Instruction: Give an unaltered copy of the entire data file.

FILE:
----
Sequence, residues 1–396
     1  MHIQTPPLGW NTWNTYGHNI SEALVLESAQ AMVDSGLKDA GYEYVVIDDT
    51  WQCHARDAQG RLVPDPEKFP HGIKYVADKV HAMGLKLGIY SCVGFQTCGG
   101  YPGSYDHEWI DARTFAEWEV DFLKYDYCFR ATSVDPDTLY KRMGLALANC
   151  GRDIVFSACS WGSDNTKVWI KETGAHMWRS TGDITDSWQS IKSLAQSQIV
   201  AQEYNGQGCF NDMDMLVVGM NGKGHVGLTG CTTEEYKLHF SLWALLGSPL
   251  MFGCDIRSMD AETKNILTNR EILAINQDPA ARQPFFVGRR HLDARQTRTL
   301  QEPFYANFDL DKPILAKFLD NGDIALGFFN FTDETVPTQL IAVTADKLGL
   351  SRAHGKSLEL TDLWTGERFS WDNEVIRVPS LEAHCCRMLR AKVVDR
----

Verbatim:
Sequence, residues 1–396
     1  MHIQTPPLGW NTWNTYGHNI SEALVLESAQ AMVDSGLKDA GYEYVVIDDT
    51  WQCHARDAQG RLVPDPEKFP HGIKYVADKV HAMGLKLGIY SCVGFQTCGG
   101  YPGSYDHEWI DARTFAEWEV DFLKYDYCFR ATSVDPDTLY KRMGLALANC
   151  GRDIVFSACS WGSDNTKVWI KETGAHMWRS TGDITDSWQS IKSLAQSQIV
   201  AQEYNGQGCF NDMDMLVVGM NGKGHVGLTG CTTEEYKLHF SLWALLGSPL
   251  MFGCDIRSMD AETKNILTNR EILAINQDPA ARQPFFVGRR HLDARQTRTL
   301  QEPFYANFDL DKPILAKFLD NGDIALGFFN FTDETVPTQL IAVTADKLGL
   351  SRAHGKSLEL TDLWTGERFS WDNEVIRVPS LEAHCCRMLR AKVVDR